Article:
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Dogs don’t have to encounter wildlife to endanger it

I am writing (not for the first time) to defend the rights of the echidnas, wallabies, snakes and goannas who live in the Nature Reserve in Brunswick Heads. This is a protected place – a haven in a fiercely intrusive world – where horses and dogs and other introduced animals are not allowed. Especially dogs.

For walkers into this safe space, please keep in mind that animals communicate by a sense of smell more than by sight. Your dog may be a member of the family, may never hurt another being, but dog’s urine and poo are definite forms of communication, ‘I am here!’ and being carnivorous, their scent indubitably more assertive than herbivores, pronouncing them to be predators.

Some of our native animals, cute, threatened, diminishing, are so gentle they may be incurably affected by fear. A wildlife carers manual (Dooley, C. Macropology, 2004, p. 19) states “Stress is a macropod’s number one enemy and the thing that causes most macropods to die. ‘The causes of fear are numerous’, but  ‘Closeness to things their instincts tell them are predators eg dogs’ is one within everyone’s ability to reduce. Echidnas and other native animals in reserves may suffer similar effects from fear, or internal injuries from a ‘play’ with a friendly dog.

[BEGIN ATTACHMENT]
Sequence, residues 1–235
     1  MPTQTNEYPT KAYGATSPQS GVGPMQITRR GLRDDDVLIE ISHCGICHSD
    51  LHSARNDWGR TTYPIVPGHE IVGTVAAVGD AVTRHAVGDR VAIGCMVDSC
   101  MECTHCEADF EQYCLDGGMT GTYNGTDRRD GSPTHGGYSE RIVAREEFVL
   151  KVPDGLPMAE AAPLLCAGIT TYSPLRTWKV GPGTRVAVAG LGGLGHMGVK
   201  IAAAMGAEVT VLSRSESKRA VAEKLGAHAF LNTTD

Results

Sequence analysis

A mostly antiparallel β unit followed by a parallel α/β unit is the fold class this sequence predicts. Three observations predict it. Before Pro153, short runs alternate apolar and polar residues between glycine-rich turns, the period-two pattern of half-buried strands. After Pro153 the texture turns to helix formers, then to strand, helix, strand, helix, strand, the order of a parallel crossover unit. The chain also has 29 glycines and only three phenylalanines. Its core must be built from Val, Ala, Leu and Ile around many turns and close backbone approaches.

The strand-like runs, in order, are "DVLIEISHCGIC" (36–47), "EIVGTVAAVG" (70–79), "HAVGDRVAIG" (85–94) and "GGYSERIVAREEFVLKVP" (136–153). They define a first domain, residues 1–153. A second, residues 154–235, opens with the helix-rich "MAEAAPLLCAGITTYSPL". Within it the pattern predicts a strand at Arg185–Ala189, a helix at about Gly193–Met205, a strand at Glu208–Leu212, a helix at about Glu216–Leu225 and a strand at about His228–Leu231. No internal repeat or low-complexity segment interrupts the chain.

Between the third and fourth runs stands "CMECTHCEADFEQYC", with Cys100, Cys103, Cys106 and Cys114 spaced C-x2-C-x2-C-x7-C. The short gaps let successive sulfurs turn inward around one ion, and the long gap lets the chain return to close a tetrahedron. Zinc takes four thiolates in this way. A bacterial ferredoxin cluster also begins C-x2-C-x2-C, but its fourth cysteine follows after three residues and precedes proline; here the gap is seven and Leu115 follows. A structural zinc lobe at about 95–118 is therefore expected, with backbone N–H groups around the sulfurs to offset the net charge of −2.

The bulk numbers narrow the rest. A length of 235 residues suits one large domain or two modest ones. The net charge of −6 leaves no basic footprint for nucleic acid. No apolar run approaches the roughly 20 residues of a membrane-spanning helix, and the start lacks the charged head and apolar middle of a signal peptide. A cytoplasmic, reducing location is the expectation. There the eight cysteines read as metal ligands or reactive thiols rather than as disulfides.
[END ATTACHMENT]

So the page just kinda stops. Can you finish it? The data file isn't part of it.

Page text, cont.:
So, even though Fido or Rover or cute little Cinnamon may not dig up an echidna’s burrow (even though it is in dog’s nature to be a dog), even though your one, two or even three dogs (three dogs!) may be on leads and never encounter a native animal face to face, be aware, be sensitive, be a custodian, our undefended natives may not need to meet them face to face to be permanently affected.

Keep your dogs and horses to the allocated areas. Please.

Teeya Blatt, Long-time Brunswick Heads resident and lover of native wildlife.

 

 


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